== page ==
Householders are being urged to keep up with their council tax payments as the number of debt cases being reported to a charity continues to climb.
Citizens Advice Scotland (CAS) has revealed it provided guidance to over 3,000 people in council tax arrears between October last year and September this year.
The charity estimates the total amount of money owed by clients seen over the period came to £10.1 million.
It said the average council tax debt now stood at £3,368.69, almost three times the average council tax bill of £1,302.
CAS believes the ongoing cost-of-living crisis has led to people prioritising other household costs over council tax such as food, housing and energy.
The charity is advising clients council tax should be treated as a “priority debt”, meaning a debt people should deal with first or risk punitive enforcement action that is faster and harsher than that for commercial debt.
Previous research from CAS found reasons for people falling into council tax debt included struggling on low incomes and prioritising other living costs.
The research also suggested people were not aware of the harsher debt collection consequences of being in council tax arrears compared to other types of debt such as loans or credit cards.
Councils can subject those in arrears to a speedy debt enforcement through a bank arrestment as a means of recovering payment.
The same research also found that local authorities can overlook potential opportunities for people to make repayments.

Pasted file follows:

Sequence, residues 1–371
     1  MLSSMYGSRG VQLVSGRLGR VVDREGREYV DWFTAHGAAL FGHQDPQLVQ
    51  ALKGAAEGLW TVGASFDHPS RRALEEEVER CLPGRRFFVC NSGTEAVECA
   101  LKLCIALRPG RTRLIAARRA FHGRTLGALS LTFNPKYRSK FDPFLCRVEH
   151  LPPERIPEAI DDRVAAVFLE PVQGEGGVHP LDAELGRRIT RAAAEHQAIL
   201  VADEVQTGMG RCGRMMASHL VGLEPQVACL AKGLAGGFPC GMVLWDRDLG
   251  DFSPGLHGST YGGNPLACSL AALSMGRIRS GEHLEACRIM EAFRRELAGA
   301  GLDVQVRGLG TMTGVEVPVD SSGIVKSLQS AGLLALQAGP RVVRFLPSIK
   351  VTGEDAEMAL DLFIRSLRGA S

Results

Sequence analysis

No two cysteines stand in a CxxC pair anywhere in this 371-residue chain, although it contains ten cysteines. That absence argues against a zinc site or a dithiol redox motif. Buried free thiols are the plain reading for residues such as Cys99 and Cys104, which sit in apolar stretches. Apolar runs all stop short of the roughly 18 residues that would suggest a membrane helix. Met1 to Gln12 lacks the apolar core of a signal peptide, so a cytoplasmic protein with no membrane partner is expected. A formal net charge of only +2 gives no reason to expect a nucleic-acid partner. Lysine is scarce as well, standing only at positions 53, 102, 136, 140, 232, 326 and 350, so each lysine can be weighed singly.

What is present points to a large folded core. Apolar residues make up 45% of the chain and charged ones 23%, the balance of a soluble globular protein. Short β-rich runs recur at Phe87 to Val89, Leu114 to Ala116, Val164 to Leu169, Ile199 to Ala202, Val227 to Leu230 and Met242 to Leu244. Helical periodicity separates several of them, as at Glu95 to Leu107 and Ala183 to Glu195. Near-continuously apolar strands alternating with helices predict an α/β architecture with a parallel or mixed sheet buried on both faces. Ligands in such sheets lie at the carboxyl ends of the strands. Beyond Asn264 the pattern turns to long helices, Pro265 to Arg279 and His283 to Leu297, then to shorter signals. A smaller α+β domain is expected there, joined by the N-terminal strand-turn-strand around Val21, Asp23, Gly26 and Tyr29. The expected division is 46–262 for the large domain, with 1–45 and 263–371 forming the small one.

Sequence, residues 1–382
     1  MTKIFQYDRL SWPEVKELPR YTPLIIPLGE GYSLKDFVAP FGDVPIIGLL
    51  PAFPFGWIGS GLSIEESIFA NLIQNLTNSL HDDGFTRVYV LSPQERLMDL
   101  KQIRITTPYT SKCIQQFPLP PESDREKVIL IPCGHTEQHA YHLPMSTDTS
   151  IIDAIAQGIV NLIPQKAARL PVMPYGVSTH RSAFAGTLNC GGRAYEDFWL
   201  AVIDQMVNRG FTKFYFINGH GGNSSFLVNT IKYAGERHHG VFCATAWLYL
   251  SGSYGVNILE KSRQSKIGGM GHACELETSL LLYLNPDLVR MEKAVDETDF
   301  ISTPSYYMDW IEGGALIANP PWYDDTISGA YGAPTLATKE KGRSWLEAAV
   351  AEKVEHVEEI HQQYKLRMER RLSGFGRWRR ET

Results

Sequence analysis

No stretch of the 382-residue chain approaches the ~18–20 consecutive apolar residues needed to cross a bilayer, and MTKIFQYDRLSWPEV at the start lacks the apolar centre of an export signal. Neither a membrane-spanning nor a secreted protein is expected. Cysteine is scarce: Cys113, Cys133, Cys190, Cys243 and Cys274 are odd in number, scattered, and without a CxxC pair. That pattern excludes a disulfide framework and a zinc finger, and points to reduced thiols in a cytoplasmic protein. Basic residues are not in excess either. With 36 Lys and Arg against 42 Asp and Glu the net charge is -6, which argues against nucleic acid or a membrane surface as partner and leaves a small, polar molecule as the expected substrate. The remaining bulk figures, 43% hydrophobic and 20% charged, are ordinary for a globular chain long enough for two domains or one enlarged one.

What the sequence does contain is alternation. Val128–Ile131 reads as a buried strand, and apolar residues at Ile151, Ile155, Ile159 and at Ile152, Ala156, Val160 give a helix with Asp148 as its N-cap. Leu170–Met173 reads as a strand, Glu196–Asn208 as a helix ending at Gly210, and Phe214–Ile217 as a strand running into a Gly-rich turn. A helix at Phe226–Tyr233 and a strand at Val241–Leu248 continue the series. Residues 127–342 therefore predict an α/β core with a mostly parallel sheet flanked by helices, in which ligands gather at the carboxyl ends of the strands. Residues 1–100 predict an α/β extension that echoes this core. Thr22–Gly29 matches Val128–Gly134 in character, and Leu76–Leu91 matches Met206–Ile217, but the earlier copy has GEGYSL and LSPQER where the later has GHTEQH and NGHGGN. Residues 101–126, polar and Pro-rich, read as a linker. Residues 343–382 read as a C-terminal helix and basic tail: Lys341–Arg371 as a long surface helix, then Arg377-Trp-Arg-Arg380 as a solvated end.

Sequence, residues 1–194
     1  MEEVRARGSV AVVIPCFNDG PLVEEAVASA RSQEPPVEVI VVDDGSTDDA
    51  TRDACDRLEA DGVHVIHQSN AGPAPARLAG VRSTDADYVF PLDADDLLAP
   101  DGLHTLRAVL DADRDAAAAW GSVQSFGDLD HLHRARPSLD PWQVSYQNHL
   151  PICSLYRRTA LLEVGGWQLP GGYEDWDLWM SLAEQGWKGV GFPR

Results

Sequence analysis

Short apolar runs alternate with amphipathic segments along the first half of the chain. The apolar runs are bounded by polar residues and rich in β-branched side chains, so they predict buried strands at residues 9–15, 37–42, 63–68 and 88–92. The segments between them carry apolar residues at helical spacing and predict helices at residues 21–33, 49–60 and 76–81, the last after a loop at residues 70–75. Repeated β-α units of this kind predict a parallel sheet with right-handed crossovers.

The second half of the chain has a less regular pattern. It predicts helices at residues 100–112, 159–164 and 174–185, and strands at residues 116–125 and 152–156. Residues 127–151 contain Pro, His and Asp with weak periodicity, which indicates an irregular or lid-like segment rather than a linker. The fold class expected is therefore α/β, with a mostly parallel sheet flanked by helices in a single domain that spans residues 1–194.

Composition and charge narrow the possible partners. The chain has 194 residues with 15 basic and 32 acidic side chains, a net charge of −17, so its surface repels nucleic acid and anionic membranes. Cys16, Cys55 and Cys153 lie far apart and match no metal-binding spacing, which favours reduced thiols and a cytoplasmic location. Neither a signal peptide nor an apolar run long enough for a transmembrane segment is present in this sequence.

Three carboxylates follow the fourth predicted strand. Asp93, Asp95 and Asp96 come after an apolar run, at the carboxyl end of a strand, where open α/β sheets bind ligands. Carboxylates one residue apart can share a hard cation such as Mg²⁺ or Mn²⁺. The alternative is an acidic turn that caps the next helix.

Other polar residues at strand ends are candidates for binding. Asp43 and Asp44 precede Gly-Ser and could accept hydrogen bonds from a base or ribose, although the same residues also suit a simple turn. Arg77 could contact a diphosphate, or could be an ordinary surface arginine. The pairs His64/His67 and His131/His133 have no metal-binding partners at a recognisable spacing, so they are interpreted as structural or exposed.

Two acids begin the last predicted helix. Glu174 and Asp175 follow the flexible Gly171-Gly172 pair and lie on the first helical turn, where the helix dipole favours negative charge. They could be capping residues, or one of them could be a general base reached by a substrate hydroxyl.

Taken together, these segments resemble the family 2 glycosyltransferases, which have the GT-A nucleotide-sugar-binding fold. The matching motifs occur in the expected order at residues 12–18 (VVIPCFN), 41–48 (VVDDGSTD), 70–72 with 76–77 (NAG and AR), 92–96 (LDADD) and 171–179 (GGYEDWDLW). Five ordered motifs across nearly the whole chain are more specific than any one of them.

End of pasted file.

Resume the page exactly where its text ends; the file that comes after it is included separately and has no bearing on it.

CAS said one in three people currently presenting at Citizens Advice Bureaus (CABs) as being in debt owe council tax on average.
Financial health spokesperson Myles Fitt said: “With over £10m of council tax debt seen by CABs, and the average debt close to three times the average bill, this is the largest single debt issue CABs deal with.
“We are seeing the impact of the worst cost-of-living crisis in living memory and people are understandably prioritising essential costs like food, energy and housing and may skip their council tax payments as a result.
“People don’t see immediate tangible consequences of not paying their council tax, the bins still get emptied and street lights stay on, in the way that they do if food cannot be bought or energy bills are left unpaid.
“It’s understandable that some people may put council tax payments out of their line of sight but that carries real risks.
“Debt collection process for council tax is quicker and harsher than commercial debt like credit cards, such as arresting bank accounts that can include benefit payments.
“We are encouraging people to keep focused on council tax payments amidst other bills, and to see it as an essential living cost.
“We would encourage local authorities to ensure that their collection practices take into an account a person’s ability to pay.
“Meanwhile anyone who is worried about their ability to pay council tax or other essential bills can check www.moneymap.scot to see how they could boost increase their income or reduce their outgoings.”
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